Posted in: 20/01/2022 – 12:30
The attack launched by the Houthis on the United Arab Emirates raised a wave of questions about the impact on the reputation of this country that presents itself as an "oasis of safety" within a Middle East wracked by conflict and poverty. Observers also wonder if the UAE will re-enforce its military presence in Yemen, after it had announced its reduction in 2019.
The attack launched by the Houthis on Abu Dhabi opens the doors of a new chapter in the war in To whom With the Houthi rebels targeting the wealthy Gulf state known as a "safe haven" in the region.
The Houthis have repeatedly threatened to strike the UAE, but this is their first confirmed attack on its territory. It was carried out with ballistic missiles and drones, according to what the Houthis announced, and it hit oil tanks in an industrial area near “ADNOC”, the Abu Dhabi Oil Company, and caused the death of three people and a fire near the airport, according to the UAE authorities.
“The Houthis seem to know that the UAE’s reputation is at the heart of its strategic goals,” explains Dania Dhafer, director of the Gulf International Research Forum, adding that the rebels “hope to achieve a painful blow at a low cost to them.” Dhafer believes that if these attacks are repeated, “the reputation of the security oasis in the Middle East” could be “damaged”.
But the researcher specializing in Gulf affairs, Iman Al-Hussein, rules out that these attacks will “significantly affect the reputation of the UAE,” and says that the Gulf state “has built a strong brand and an image that can withstand the recent attacks.”
It should be noted that the population of the Emirates is ten million, ninety percent of whom are foreigners of two hundred different nationalities. The UAE has imposed itself as a financial and business center, with its luxury hotels, modern buildings, research in the field of technology, its pursuit of an economy based on diversifying energy sources, and its space ambitions.
The UAE presents itself as an oasis of “security and safety” for business and entertainment and a bridge to the world, within a Middle East wracked by conflict and poverty. It also seeks to strengthen its diplomatic influence in the region. The Gulf state is a favorite destination for many, especially young Arabs looking for job opportunities.
It has invested heavily in the advancement and development of its economy. One of its biggest successes is the Emirate of Dubai, which has become an important financial, tourist and media attraction within a few decades, and a center for the headquarters of major companies visited by millions of people annually. But at the same time, the UAE has been participating in a Saudi-led military coalition in Yemen since 2015 in support of the Yemeni government in the face of the Iranian-backed Houthi rebels, who launched a massive offensive to control Yemen since 2014.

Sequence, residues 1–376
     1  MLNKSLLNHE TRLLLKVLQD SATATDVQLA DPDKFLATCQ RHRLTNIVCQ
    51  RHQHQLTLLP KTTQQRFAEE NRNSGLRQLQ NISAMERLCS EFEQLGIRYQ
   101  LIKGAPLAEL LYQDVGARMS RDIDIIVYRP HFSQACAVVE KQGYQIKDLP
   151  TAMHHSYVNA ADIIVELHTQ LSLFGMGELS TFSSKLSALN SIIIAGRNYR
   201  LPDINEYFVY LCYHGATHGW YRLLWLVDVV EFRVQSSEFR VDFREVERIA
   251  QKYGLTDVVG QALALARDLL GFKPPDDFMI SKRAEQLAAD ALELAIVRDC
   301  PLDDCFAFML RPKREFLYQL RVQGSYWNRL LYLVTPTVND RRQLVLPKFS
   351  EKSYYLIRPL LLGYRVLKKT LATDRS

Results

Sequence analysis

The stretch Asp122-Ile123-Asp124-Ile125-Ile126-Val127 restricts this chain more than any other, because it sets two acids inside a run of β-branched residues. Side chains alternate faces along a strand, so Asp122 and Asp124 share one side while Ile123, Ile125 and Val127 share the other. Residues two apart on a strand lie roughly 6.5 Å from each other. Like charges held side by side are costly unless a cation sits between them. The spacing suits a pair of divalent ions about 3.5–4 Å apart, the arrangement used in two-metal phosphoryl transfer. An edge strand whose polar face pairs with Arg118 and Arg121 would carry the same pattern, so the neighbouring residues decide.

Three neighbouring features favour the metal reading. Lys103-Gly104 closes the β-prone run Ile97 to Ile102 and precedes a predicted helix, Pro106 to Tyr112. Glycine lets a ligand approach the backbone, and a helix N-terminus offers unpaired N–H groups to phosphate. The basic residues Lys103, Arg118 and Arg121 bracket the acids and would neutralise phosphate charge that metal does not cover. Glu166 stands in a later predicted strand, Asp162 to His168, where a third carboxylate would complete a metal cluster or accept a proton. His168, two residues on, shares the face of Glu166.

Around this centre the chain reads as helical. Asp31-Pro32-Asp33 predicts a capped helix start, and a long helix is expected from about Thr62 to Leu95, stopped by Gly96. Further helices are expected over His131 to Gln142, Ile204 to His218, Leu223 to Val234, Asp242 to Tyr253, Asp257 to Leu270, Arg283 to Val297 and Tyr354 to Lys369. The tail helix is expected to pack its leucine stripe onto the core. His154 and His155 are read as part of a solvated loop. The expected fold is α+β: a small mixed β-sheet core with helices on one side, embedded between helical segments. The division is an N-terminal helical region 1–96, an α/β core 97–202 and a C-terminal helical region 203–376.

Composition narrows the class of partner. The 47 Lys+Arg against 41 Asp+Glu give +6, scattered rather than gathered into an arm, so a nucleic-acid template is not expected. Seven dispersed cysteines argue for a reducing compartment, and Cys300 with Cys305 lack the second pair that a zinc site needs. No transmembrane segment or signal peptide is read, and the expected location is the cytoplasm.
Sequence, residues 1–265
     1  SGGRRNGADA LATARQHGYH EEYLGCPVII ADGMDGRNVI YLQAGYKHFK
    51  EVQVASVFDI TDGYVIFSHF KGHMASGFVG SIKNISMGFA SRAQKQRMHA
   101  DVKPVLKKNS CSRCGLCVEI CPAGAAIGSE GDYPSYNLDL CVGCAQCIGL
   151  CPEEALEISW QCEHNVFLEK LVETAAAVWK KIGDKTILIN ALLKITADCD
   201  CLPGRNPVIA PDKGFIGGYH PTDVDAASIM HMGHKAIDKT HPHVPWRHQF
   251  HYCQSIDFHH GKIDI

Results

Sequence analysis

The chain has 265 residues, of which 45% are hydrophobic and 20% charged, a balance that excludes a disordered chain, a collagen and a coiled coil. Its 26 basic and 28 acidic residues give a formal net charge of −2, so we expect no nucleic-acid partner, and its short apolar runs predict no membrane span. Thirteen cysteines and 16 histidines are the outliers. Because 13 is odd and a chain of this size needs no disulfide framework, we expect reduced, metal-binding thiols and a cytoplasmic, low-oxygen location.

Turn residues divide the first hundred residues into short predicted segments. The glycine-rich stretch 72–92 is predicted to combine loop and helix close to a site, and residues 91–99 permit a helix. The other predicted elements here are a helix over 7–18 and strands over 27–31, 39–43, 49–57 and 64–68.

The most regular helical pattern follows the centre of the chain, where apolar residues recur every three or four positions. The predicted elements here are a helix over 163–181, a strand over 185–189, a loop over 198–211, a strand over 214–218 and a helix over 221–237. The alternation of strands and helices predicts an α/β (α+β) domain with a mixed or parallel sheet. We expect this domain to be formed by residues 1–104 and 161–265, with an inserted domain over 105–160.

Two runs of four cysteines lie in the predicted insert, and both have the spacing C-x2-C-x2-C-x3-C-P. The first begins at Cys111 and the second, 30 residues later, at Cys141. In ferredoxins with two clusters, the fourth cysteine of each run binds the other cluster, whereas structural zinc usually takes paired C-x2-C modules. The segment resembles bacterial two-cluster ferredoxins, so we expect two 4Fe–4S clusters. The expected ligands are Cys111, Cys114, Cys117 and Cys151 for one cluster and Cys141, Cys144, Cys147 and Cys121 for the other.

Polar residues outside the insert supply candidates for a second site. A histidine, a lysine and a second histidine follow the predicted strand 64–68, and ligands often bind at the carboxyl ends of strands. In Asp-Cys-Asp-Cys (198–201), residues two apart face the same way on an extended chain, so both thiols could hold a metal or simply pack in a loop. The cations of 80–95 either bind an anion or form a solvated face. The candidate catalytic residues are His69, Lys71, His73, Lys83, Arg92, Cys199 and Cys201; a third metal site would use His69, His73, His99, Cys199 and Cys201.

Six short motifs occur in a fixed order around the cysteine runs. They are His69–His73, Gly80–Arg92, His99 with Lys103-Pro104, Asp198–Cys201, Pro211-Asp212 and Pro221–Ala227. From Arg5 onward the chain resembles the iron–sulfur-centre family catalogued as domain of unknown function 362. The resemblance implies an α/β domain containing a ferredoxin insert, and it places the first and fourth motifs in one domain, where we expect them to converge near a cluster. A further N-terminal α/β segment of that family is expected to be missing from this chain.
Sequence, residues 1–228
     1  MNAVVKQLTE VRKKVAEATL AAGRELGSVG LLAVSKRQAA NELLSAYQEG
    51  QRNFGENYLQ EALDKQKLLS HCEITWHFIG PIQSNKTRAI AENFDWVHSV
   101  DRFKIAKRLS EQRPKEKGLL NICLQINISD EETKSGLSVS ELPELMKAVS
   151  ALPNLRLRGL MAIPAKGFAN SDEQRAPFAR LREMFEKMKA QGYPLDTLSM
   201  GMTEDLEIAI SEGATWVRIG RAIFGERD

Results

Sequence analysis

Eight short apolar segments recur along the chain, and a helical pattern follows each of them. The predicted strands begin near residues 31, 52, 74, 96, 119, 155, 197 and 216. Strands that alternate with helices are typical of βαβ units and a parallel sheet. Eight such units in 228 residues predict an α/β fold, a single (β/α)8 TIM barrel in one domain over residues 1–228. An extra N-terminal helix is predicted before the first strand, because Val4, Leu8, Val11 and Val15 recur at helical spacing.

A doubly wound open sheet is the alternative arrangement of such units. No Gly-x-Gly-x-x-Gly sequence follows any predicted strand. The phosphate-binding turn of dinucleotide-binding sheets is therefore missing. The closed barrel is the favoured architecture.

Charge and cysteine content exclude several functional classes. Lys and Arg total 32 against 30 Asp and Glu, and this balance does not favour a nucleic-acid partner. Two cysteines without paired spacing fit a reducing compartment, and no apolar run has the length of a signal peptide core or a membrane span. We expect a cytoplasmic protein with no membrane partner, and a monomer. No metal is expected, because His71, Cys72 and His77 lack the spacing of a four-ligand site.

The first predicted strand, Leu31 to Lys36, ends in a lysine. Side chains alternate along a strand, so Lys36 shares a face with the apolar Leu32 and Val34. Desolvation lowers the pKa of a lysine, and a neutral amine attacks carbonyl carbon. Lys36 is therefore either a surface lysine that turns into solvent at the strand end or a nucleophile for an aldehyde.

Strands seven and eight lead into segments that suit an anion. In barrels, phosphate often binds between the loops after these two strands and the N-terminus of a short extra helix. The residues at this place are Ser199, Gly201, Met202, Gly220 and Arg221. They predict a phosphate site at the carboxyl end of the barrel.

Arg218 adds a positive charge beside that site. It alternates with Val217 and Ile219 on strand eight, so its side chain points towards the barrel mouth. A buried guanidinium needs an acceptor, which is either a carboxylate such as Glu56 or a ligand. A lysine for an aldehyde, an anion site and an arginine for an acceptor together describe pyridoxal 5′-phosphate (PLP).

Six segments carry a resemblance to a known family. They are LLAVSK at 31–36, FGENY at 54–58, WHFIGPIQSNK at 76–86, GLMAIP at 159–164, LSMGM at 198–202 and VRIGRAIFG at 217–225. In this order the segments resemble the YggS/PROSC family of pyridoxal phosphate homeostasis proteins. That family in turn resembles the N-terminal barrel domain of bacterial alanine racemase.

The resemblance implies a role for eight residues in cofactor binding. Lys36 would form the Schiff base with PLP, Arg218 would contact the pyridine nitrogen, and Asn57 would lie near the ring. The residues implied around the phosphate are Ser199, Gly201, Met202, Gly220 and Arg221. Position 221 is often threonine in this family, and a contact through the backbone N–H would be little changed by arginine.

The UAE indicated in 2019 that it would reduce its forces in several areas in Yemen as part of a “redeployment” plan for “strategic and tactical” reasons.
For his part, the chief Yemeni analyst at the American research company “Navante Group”, Muhammad Al-Basha, believes that “although Abu Dhabi has withdrawn its military equipment from Yemen, Ansar Allah (Houthis) link the military operations of the giant brigades in Shabwa with the Emirates, which played a role key in forming, training and arming these forces.
Reclassification of the Houthis
The UAE pledged to respond to the attack. And the bombing of the military coalition in which it participates, the capital, Sanaa, which it controls Houthis violently in response to the attack. At the same time, the UAE called for an emergency session of the Security Council to condemn “terrorist attacks.”
On Wednesday, it also called on the United States to “support the reclassification of the Houthi terrorist organization as a foreign terrorist organization.” For his part, a US State Department spokesman said, “The Biden administration has sanctioned, and will continue to punish, leaders of Houthi forces in Yemen who participate in military attacks that exacerbate the humanitarian crisis, pose a serious threat to civilians, and contribute to broader instability in Yemen and elsewhere in the region.” .
The administration of former US President Donald Trump included the Houthis on the list of “terrorist” groups in January 2021. Then the administration of Joe Biden canceled that.
In addition, researcher at Oxford University Elizabeth Kendall points out that the attack constitutes a “major escalation”, but the UAE “has invested heavily in Yemen, especially in the political and military infrastructure in the south,” and therefore “is unlikely to deviate from its long-term policy, for example through Increasing its troop presence in Yemen once again on the basis of provocation.
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